Surrealist sportsmen

by Henry on December 11, 2003

Eugene Volokh blogs on an interesting biathlon, involving both chess and boxing, two competitive endeavours that are usually pursued in isolation from each other. There’s some fictional precedent though; the eponymous hero of Maurice Richardson’s The Exploits of Engelbrecht: Abstracted from the Chronicles of the Surrealist Sporting Club proves to be a dab hand at both activities. Engelbrecht is a boxer by profession, and like all Surrealist boxers, he’s a dwarf who fights clocks. Grandfather clocks to be specific (they fight dirty). In a succession of short stories, Engelbrecht also shows his prowess not only in beating clocks to a standstill, but at a variant of chess (in which the pieces are Boy Scouts and nuclear weapons), at kraken wrestling, at pike fishing, at Surrealist golf (the first hole is several thousand miles long), and at Plant Theatre. In my favourite story, Engelbrecht plays in the Earth vs. Mars rugby game; the Earth team is several thousand strong, and features such luminaries as Friedrich Engels, Origen, Nebuchadnezzar, Attila the Hun, the Venerable Bede, Luther, Ethelred the Unready, and Judas Iscariot. Heliogabalus, Bishop Berkeley and Aubrey Beardsley score for Earth; Engelbrecht wins the game at the last moment by cunningly concealing himself inside the ball.

The book came out first in 1950; I’m awaiting delivery of a first edition, and you can’t have it. Sorry. You can however, purchase the Savoy Books edition, which I also own, and which is handsomely illustrated by Ronald Searle among others. You can even browse the first chapter for free on their website. But you should, as they say, read the whole thing. Wonderful stuff.

{ 7 comments }

1

Sam Dodsworth 12.11.03 at 8:47 am

It’s a nit-pick, but I think you’ll find “The Day We Played Mars” is actually about Rugby – at one point, the forwards have their sentence of death commuted to Life in the Scrum.

2

Henry 12.11.03 at 8:54 am

Thanks – goof corrected. And nice to see that I’m not the only Engelbrecht fan out there.

3

Sam Dodsworth 12.11.03 at 10:15 am

I first read it when I was twelve – the small blue paperback edition with the (I think) original illustrations. My copy’s pretty battered now, so I’ll probably be buying the new Savoy edition. I think my favorite story is the fishing one, but it’s hard to choose.

The most prominent Englebrecht fan I can think of is Michael Moorcock – he’s said favorable things about it in print several times – which may explain why Savoy are publishing it.

And on the subject of chess and boxing… I remember reading in a book of chess variants that Alan Turing and one of his friends devised a combination of chess and running. After a move, you had to get up and run around the building and your opponent had make their move by the time you got back. This added a new strategic element: if you ran fast, your opponent had less time but you’d be too fatigued to concentrate on your own move…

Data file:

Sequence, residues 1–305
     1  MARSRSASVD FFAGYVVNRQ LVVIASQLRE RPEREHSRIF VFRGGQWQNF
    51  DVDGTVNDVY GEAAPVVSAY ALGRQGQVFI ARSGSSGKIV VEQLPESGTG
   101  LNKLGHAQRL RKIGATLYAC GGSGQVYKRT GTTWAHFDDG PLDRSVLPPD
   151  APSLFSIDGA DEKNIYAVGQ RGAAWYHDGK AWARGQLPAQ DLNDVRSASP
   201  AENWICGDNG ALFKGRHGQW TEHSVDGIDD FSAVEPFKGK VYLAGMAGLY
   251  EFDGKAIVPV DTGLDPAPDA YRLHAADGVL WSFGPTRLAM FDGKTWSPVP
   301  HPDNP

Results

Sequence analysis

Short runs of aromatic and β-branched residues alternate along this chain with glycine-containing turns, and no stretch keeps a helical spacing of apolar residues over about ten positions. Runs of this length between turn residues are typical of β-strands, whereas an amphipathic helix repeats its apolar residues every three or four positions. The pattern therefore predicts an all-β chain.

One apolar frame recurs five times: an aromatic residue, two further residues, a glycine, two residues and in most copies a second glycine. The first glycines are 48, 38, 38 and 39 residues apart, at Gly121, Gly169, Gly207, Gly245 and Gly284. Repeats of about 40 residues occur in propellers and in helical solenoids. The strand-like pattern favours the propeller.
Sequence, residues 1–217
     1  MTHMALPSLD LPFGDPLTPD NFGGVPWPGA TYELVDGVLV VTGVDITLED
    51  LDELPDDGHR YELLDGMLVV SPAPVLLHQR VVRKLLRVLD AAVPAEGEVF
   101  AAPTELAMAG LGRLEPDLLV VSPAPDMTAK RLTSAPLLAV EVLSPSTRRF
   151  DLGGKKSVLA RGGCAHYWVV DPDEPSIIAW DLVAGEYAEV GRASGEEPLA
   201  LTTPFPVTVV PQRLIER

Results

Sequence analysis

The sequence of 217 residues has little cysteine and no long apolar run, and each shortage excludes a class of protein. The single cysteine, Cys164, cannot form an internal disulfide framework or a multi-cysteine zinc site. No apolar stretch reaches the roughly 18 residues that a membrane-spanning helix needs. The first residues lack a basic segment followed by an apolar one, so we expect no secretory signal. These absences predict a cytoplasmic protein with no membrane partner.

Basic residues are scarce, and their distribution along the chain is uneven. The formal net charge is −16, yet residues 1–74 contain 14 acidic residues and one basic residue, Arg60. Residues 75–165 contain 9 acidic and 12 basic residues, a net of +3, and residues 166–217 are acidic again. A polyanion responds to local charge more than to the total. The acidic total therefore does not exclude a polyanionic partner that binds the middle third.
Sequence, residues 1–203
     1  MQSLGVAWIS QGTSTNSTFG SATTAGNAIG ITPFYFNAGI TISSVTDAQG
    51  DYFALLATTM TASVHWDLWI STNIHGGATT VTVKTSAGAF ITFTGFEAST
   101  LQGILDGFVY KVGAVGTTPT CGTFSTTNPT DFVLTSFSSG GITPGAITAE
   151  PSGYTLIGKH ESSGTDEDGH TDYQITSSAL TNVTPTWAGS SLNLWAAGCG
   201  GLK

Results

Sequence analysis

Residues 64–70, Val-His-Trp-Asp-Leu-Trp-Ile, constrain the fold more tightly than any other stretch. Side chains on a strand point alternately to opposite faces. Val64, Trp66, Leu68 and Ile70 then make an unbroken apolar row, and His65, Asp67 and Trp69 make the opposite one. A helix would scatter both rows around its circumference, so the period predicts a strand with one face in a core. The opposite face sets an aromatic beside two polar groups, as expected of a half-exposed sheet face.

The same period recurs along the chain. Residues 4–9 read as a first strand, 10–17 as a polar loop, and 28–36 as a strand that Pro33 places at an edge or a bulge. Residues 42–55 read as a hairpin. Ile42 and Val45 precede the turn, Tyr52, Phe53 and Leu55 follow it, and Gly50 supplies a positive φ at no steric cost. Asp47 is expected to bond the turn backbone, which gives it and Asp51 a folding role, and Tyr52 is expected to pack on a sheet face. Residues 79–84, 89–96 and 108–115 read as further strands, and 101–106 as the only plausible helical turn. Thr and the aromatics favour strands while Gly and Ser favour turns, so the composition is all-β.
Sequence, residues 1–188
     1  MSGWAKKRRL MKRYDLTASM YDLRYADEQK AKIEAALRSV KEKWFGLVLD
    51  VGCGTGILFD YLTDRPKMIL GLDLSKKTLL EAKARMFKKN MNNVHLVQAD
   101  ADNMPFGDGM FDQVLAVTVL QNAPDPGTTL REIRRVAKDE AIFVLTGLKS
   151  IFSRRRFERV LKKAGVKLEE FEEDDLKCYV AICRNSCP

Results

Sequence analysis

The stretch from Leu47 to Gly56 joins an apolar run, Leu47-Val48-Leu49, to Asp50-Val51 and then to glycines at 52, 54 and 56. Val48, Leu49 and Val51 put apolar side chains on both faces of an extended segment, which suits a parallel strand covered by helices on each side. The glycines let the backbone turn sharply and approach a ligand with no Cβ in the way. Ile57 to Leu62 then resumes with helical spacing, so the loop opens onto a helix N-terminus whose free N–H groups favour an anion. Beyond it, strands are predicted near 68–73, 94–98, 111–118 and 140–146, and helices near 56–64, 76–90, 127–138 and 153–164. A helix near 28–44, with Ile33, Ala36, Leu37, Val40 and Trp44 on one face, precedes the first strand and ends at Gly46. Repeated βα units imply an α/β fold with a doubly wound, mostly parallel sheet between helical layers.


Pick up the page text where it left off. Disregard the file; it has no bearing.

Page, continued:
4

John Isbell 12.11.03 at 7:40 pm

I see I’ll have to read that. Thank you. For my part, I can put a brick to sleep.
I’ve played various sports, and chess is the most ruthless. I was also more exhausted after a chess match than a cross-country match.

5

JP 12.11.03 at 8:06 pm

I vaguely remember reading an article on ESPN.com a year or so ago, talking about how Lennox Lewis and the Klitschko brother he boxed recently are both very avid chess players. I believe Klitschko challenged Lewis to exactly this type of competition, but it seemed to be mostly in jest.

By the way, I don’t know that this biathlon is any more bizarre than the real life biathlon in the Winter Olympics. Skiing and shooting? Who came up with that one?

6

dipnut 12.11.03 at 8:54 pm

“The biathlon, which combines cross-country skiing and rifle shooting, originated in Norway as a training exercise for soldiers. The first known competition took place in 1767 between companies of guards who patrolled the border with Sweden. Late in the 19th century, local rifle and ski clubs in Norway and other Scandinavian countries practiced the sport to keep their members prepared for combat.

An early form of the biathlon, called “military ski patrol,” was a demonstration sport at the first Winter Olympics in 1924, and it was a medal sport in 1928, 1936, and 1948.”

(link)

“Skiing played an important role in military defense. Stories of ski used in military activities dates back to around 850, when a battle was fought in the northern parts of Norway between local settlers and an army division from the south. The southern army division fought on foot, and were defeated by the local settlers who fought on their skis and had undoubtedly a strong advantage due to their maneuverability and speed.

History describes many wars fought by men on skis, from the Scandinavian countries to the rough terrain in the Alps. Ski patrols were often used in reconnaissance missions, and could cover long distances in a short amount of time. A letter from the Swedish king in 1536 describes how a good ski troop was capable of covering 185 kilometers in one day.

Norwegian men on skis reconnited before the Battle of Oslo (1200). Ski troops were also used in Sweden in 1452, and from the 15th through the 17th century skis were used in warfare in Finland, Norway, Poland, Russia, and Sweden. Captain Jens Emmahausen wrote the first skiing manual for Norwegians in 1733. From 1767 there have been military ski competitions with monetary prizes. Military skiing persisted into the 20th century where snow conditions and terrain favored their use for scouts and for a sort of mounted infantry with first-strike advantage against small objectives.”

(link)

Hey, you asked!

7

Erik 12.29.03 at 11:44 pm

I think someone mispelled skeet shooting.

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